66

I tried the following:

>>> a = np.array([1,2,3])
>>> b = np.array([4,5,6])
>>> np.concatenate((a,b), axis=0)
array([1, 2, 3, 4, 5, 6])
>>> np.concatenate((a,b), axis=1)
array([1, 2, 3, 4, 5, 6])

However, I'd expect at least that one result looks like this

array([[1, 2, 3],
       [4, 5, 6]])

Why is it not concatenated vertically?

  • 6
    weird !!! You can use np.vstack((a,b)) for this purpose (in case you don't know it) – Abid Rahman K Feb 19 '14 at 17:42
85

Because both a and b have only one axis, as their shape is (3), and the axis parameter specifically refers to the axis of the elements to concatenate.

this example should clarify what concatenate is doing with axis. Take two vectors with two axis, with shape (2,3):

a = np.array([[1,5,9], [2,6,10]])
b = np.array([[3,7,11], [4,8,12]])

concatenates along the 1st axis (rows of the 1st, then rows of the 2nd):

np.concatenate((a,b), axis=0)
array([[ 1,  5,  9],
       [ 2,  6, 10],
       [ 3,  7, 11],
       [ 4,  8, 12]])

concatenates along the 2nd axis (columns of the 1st, then columns of the 2nd):

np.concatenate((a, b), axis=1)
array([[ 1,  5,  9,  3,  7, 11],
       [ 2,  6, 10,  4,  8, 12]])

to obtain the output you presented, you can use vstack

a = np.array([1,2,3])
b = np.array([4,5,6])
np.vstack((a, b))
array([[1, 2, 3],
       [4, 5, 6]])

You can still do it with concatenate, but you need to reshape them first:

np.concatenate((a.reshape(1,3), b.reshape(1,3)))
array([[1, 2, 3],
       [4, 5, 6]])

Finally, as proposed in the comments, one way to reshape them is to use newaxis:

np.concatenate((a[np.newaxis,:], b[np.newaxis,:]))
  • are you sure reshaping will work? It didn't work for me. – Abid Rahman K Feb 19 '14 at 17:44
  • 7
    Try np.concatenate([a[None,:],b[None,:]]) – wim Feb 19 '14 at 17:44
  • 1
    yes it does. Maybe you ran a.reshape(1,3) without assigning it, instead of a=a.reshape(1,3)? – gg349 Feb 19 '14 at 17:46
  • strange. I suppose you then did d=b.reshape(1,3)? Still, concatenate((c,d)) works here. – gg349 Feb 19 '14 at 17:49
  • 2
    Please edit the answer changing vstack((a,b)) to np.vstack((a,b)) – Employee Dec 6 '18 at 15:03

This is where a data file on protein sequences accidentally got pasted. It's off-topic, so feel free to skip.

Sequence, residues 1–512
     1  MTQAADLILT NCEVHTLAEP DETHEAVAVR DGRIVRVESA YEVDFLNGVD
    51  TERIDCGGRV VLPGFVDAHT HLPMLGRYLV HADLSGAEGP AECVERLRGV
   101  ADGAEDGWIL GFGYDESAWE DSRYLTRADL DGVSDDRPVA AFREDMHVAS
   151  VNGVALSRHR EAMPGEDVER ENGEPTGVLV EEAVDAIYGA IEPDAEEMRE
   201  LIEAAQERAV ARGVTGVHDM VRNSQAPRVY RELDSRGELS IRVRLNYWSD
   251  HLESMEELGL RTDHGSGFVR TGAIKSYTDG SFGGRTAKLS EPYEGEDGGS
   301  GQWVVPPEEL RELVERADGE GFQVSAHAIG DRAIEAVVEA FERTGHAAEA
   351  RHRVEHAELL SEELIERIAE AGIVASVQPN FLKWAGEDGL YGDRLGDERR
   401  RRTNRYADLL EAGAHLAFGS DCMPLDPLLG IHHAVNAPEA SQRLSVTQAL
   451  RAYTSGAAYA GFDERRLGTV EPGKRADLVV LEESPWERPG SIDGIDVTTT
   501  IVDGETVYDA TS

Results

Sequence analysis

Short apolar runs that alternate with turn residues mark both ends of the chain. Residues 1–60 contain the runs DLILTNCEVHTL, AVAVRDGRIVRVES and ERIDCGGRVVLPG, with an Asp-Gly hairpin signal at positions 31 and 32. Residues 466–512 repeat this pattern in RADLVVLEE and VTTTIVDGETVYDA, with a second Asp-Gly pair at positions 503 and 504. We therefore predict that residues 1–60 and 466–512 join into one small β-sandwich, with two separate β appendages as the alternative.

23

If the actual problem at hand is to concatenate two 1-D arrays vertically, and we are not fixated on using concatenate to perform this operation, I would suggest the use of np.column_stack:

In []: a = np.array([1,2,3])
In []: b = np.array([4,5,6])
In []: np.column_stack((a, b))
array([[1, 4],
       [2, 5],
       [3, 6]])
9

A not well known feature of numpy is to use r_. This is a simple way to build up arrays quickly:

import numpy as np
a = np.array([1,2,3])
b = np.array([4,5,6])
c = np.r_[a[None,:],b[None,:]]
print(c)
#[[1 2 3]
# [4 5 6]]

The purpose of a[None,:] is to add an axis to array a.

5
a = np.array([1,2,3])
b = np.array([4,5,6])
np.array((a,b))

works just as well as

np.array([[1,2,3], [4,5,6]])

Regardless of whether it is a list of lists or a list of 1d arrays, np.array tries to create a 2d array.

But it's also a good idea to understand how np.concatenate and its family of stack functions work. In this context concatenate needs a list of 2d arrays (or any anything that np.array will turn into a 2d array) as inputs.

np.vstack first loops though the inputs making sure they are at least 2d, then does concatenate. Functionally it's the same as expanding the dimensions of the arrays yourself.

np.stack is a new function that joins the arrays on a new dimension. Default behaves just like np.array.

Look at the code for these functions. If written in Python you can learn quite a bit. For vstack:

return _nx.concatenate([atleast_2d(_m) for _m in tup], 0)

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